Дата публикации: 04 сентября 2007
Публикатор: Александр Павлович Шиманский
Рубрика: RUSSIA (TOPICS) - Imperial Russia →
Источник: (c) http://russia.by →
Номер публикации: №1188913364 / Жалобы? Ошибка? Выделите проблемный текст и нажмите CTRL+ENTER!
Nicholas, II, Tsar of Russia 1894-1917
Sergei Yulievich Witte, Count, first constitutional Premier of Russia November, 1905-May, 1906
Paul Miliukov, leader of the Constitutional Democrats, or Cadets
Aleksandr Ivanovich Guchkov, leader of the Octobrists
Ivan Longinovich Goremykin, who succeeded Witte in May, 1906
Pëtr Arkadevich Stolypin, who succeeded Goremykin in July, 1906
Summary of Event
The first Duma, or Russian parliament, met in May, 1906, to consolidate the constitutional government that had ostensibly been created by the Tsar, Nicholas II, by the October Manifesto of 1905. The Tsar granted the manifesto in the hope that further violence, such as that which occurred in the Revolution of 1905, would be avoided. Events, however, disappointed him. Less than two months after promulgation of the October Manifesto, the Tsar had been forced to suppress uprisings in Saint Petersburg, Moscow, and elsewhere. The relative ease with which Nicholas handled the rebellions indicated that he still held supreme power in Russia and made him cautious about granting further concessions to the constitutionalists. Thus, as 1906 dawned, two ideologies competed for political supremacy in Russia. The ideologies focused on a revised constitutional monarchy against the continuation and invigoration of an absolute monarchy.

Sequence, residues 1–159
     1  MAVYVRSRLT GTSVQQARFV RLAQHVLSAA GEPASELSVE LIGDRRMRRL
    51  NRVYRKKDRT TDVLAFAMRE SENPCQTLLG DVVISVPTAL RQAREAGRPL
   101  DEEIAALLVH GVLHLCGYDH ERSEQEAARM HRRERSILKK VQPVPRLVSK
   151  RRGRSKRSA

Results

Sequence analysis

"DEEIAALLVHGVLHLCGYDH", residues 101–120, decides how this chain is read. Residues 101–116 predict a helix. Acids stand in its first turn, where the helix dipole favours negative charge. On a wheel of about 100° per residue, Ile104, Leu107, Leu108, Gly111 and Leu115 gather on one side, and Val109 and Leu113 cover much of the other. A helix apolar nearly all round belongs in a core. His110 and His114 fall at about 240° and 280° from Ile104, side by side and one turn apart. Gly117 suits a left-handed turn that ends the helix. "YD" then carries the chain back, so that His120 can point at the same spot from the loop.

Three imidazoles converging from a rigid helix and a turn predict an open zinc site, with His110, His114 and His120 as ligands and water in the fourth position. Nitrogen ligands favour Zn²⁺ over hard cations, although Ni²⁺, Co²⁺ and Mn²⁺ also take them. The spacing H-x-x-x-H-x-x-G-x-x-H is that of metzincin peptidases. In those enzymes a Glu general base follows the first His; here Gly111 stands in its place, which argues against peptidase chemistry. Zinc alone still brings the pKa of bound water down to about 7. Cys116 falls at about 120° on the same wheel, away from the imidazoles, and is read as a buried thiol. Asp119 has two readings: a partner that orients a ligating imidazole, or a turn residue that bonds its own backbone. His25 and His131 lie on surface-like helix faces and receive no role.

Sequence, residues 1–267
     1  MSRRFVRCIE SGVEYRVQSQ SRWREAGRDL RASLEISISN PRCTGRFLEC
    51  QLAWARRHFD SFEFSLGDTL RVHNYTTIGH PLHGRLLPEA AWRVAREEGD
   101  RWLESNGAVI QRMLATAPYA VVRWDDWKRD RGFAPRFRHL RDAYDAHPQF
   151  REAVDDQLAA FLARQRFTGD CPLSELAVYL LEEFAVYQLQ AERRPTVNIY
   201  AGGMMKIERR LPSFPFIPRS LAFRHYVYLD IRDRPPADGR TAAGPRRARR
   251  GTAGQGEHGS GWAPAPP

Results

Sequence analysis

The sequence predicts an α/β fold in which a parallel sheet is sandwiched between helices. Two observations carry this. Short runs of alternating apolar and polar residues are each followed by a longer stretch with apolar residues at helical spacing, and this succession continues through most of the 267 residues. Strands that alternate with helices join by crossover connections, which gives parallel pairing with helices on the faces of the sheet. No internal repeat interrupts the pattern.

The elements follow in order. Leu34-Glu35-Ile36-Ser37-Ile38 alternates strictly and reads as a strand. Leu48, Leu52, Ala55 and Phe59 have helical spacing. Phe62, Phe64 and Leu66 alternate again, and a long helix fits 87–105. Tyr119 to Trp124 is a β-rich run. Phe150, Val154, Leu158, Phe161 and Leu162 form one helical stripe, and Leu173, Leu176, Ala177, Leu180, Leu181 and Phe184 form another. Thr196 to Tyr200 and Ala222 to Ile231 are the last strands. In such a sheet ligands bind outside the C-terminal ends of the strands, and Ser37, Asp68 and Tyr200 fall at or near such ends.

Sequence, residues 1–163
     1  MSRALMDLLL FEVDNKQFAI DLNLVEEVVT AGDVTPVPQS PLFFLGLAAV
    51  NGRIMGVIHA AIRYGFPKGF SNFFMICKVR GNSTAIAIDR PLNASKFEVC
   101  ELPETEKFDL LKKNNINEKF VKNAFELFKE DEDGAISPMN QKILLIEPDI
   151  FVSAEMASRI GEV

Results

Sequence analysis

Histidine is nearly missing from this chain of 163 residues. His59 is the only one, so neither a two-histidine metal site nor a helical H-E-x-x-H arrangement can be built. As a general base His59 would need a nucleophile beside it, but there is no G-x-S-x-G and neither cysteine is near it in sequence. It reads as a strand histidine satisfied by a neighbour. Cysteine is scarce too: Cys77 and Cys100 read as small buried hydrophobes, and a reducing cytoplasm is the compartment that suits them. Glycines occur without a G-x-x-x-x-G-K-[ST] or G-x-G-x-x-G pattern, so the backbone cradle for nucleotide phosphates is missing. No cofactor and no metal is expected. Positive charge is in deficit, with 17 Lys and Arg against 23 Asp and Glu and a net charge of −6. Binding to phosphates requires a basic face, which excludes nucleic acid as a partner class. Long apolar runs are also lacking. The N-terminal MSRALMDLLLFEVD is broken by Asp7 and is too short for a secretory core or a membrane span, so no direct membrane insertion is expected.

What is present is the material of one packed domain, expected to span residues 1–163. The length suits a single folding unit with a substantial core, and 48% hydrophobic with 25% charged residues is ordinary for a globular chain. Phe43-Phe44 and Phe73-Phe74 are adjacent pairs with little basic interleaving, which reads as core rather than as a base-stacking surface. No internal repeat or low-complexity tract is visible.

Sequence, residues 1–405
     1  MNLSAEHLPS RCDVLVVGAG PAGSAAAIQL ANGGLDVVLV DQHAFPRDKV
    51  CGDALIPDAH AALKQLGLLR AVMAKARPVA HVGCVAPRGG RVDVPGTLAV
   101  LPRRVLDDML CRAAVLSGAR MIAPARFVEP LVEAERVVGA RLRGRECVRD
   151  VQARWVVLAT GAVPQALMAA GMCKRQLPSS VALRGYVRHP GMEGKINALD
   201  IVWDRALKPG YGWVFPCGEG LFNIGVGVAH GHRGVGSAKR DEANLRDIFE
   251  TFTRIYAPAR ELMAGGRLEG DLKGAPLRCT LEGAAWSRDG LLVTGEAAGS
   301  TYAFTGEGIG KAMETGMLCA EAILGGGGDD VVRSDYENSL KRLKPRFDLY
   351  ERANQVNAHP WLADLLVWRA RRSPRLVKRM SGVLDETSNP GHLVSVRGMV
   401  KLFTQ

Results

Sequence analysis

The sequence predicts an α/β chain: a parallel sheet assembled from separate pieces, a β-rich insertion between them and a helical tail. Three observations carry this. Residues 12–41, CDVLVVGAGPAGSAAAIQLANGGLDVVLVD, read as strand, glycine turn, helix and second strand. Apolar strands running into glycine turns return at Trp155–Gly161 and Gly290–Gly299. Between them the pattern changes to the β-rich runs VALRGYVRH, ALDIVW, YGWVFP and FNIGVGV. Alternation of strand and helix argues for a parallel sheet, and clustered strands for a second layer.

While enthusiastic but inexperienced and uncompromising politicians prepared for the elections to the first Duma, the Tsar and his supporters were moving to undermine and circumvent the power of the soon to be elected Duma. This the Tsar sought to accomplish in a number of ways. The election laws, drawn up by the Tsar-appointed Count Sergei Witte, on the basis of those announced in an imperial decree of August, 1905, provided for indirect elections of representatives, a large proportion of whom were assigned to the rural elements of the population. The government believed that these landowners and peasants would adhere to more conservative views than would townspeople and industrial workers. In another attempt to ensure that conservative ideas were upheld, the Tsar elevated the state council to an upper legislative chamber with powers equal to those of the Duma. Half the members of this body were appointed directly by the Tsar, and the other half were elected by traditionally conservative groups such as the clergy, provincial zemstvos or assemblies, the nobility, and managers of businesses, the universities, and the Academy of Sciences. Finally, in the week before the first meeting of the Duma, the government issued the "Fundamental Laws" which specified the powers, or more accurately the lack of powers, of the legislative body. These laws upheld and strengthened the autocratic authority of the Tsar by decreeing that no bills could become law until they were passed by both houses and were signed by the Tsar. The Tsar's ministers were responsible to him alone and not to the Duma. Control of the budget was not to rest with the Duma alone; if the two houses approved different budget figures the Tsar could accept either, and if no budget passed the legislature, the government could continue to use the one adopted the previous year. The Tsar retained absolute control over foreign policy, appointments, censorship, the armed forces, the police, and the summoning and dismissal of the Duma. When the Duma was not in session, the Tsar could rule by decree, theoretically subject to review by the Duma when it reconvened. Altogether, Witte's election laws, the expansion of the state council into a conservatively oriented upper house, and the Fundamental Laws had the collective result of nullifying the October Manifesto and the constitutional government which it had promised to establish.